Happy Holidays from Michael Consani
Tis the season to be jolly and if you’re a horse player, there is a lot to be jolly for in the upcoming weeks. But now is a time for some Holiday wishes to bestow on friends and family and the special horseplayer in your life.
The biggest Holiday wish we can all hope for is for 2021 to have a return to normalcy, something we really haven’t had in the last nine months. There is nothing that compares to being able to visit your favorite track, whether it’s beautiful Belmont Park in New York or seeing 100,000 plus at Churchill Downs for the Kentucky Derby, life has not been in the same in 2020 and we can only hope that 2021 will be significantly better.
Another Holiday wish as a horse player is for more quality races in the new year. There is nothing more disappointing than looking at a card and seeing a race that only has 6 or 7 horses, most of which have no business being raced and really only have one or two horses that have a legitimate shot at winning. Seasoned handicappers will always put their money on the horse that will most likely win and if the card only has a small field, bettors will not have ample opportunities to make a buck without some luck.
The horse racing industry has always had a bad reputation, usually well earned, and another wish for 2021 would be to have a central governing body that would unite, similar to how Baseball has MLB and Hockey has the NHL, all the various tracks, trainers and owners to produce a higher quality product. First and foremost, a central governing body could institute policy and regulations to reduce the number of horses who are given unnecessary drugs or are raced in unhealthy conditions and schedules which would hopefully reduce significantly the number of equine deaths per year. A governing body could also force trainers and owners to be more transparent and perhaps limit how many horses they can enter in one race.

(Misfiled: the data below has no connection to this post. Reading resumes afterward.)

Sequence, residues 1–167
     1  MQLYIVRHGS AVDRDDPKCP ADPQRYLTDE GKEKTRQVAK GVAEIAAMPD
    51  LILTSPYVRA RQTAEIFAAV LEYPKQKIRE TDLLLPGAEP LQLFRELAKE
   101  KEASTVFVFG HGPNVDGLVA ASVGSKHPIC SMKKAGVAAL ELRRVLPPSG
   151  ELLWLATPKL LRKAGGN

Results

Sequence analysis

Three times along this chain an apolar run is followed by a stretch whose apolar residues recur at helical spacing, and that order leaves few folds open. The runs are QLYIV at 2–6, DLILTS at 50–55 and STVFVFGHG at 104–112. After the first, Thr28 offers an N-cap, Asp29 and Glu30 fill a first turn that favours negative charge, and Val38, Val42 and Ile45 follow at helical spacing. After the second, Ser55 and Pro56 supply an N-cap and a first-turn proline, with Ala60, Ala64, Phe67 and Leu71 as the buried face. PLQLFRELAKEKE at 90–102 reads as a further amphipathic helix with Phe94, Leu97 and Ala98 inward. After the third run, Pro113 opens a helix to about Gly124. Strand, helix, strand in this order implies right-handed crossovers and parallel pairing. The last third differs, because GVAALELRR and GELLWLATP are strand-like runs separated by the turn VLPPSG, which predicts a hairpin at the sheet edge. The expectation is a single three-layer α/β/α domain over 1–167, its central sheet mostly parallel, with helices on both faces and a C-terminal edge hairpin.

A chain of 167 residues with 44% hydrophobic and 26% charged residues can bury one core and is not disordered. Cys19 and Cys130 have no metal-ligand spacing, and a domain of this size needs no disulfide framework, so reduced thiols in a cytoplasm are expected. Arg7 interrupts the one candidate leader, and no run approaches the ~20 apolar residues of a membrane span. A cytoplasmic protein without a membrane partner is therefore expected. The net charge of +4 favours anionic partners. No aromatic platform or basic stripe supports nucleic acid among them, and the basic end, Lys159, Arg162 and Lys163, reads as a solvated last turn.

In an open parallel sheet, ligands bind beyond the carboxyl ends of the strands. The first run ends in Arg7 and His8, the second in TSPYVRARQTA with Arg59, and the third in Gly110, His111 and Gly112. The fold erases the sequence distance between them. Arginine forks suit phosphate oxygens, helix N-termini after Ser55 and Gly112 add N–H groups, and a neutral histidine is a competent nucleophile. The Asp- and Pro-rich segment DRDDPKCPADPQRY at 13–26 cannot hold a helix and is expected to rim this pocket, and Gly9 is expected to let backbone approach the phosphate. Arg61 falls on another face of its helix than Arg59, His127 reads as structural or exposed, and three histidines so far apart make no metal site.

There is also too often an appearance of impropriety that plagues the industry as a whole. Often, there are races where at one track, what looks to be a racing violation during a race can result in an overturning of the order of finish where at another track, no change is made. For example, in California, whenever there is a Steward’s inquiry or an objection after a race, the stewards will review the footage and try to determine if there was an actual foul committed. Even if they do determine a foul occurred, they may not make a change if they feel the foul did not impede the actual order of finish. Now if that same race happened in New York, a different set of stewards may disqualify the winner even if the foul would not have changed the finish. As bettors, we just wish for consistency in rulings and not to have subjective decisions made.
We have a lot to look forward to in 2021. Right off the bat in January is the Pegasus World Cup Championship on the 23rd. It will feature the return of the 2020 Belmont Stakes winner Tiz the Law who will be looking to bounce back from a disappointing 6th place finish in the 2020 Breeder’s Cup Classic.
The winter months also brings all the Derby prep races and, with some luck, have the Kentucky Derby once again run on the first Saturday in May.
Please share some of your Holiday wishes on my twitter page @AtTheWire